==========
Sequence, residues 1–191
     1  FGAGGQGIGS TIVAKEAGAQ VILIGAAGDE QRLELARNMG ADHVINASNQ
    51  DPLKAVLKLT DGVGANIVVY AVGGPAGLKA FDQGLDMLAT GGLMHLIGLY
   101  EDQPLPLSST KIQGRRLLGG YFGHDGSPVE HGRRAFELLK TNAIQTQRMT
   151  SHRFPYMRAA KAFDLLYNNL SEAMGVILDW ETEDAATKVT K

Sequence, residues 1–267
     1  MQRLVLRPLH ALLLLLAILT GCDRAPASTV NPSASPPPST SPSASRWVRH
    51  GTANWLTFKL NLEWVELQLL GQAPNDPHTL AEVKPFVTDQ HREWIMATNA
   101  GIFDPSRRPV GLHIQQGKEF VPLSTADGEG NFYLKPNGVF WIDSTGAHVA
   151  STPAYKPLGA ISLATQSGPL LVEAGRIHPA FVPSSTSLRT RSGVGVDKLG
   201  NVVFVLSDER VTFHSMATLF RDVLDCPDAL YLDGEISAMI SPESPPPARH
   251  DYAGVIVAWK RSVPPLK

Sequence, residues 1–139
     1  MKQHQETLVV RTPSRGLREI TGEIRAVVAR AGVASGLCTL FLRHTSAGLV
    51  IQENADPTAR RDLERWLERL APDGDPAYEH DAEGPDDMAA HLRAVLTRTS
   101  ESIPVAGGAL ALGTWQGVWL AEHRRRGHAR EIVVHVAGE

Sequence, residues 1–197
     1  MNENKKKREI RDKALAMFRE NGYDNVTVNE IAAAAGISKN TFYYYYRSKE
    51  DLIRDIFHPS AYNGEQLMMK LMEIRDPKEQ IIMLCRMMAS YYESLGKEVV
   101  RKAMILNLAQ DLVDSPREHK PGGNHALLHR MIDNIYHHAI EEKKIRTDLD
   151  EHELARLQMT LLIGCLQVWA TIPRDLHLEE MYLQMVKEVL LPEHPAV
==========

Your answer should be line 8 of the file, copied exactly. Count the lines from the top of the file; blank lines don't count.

    51  GTANWLTFKL NLEWVELQLL GQAPNDPHTL AEVKPFVTDQ HREWIMATNA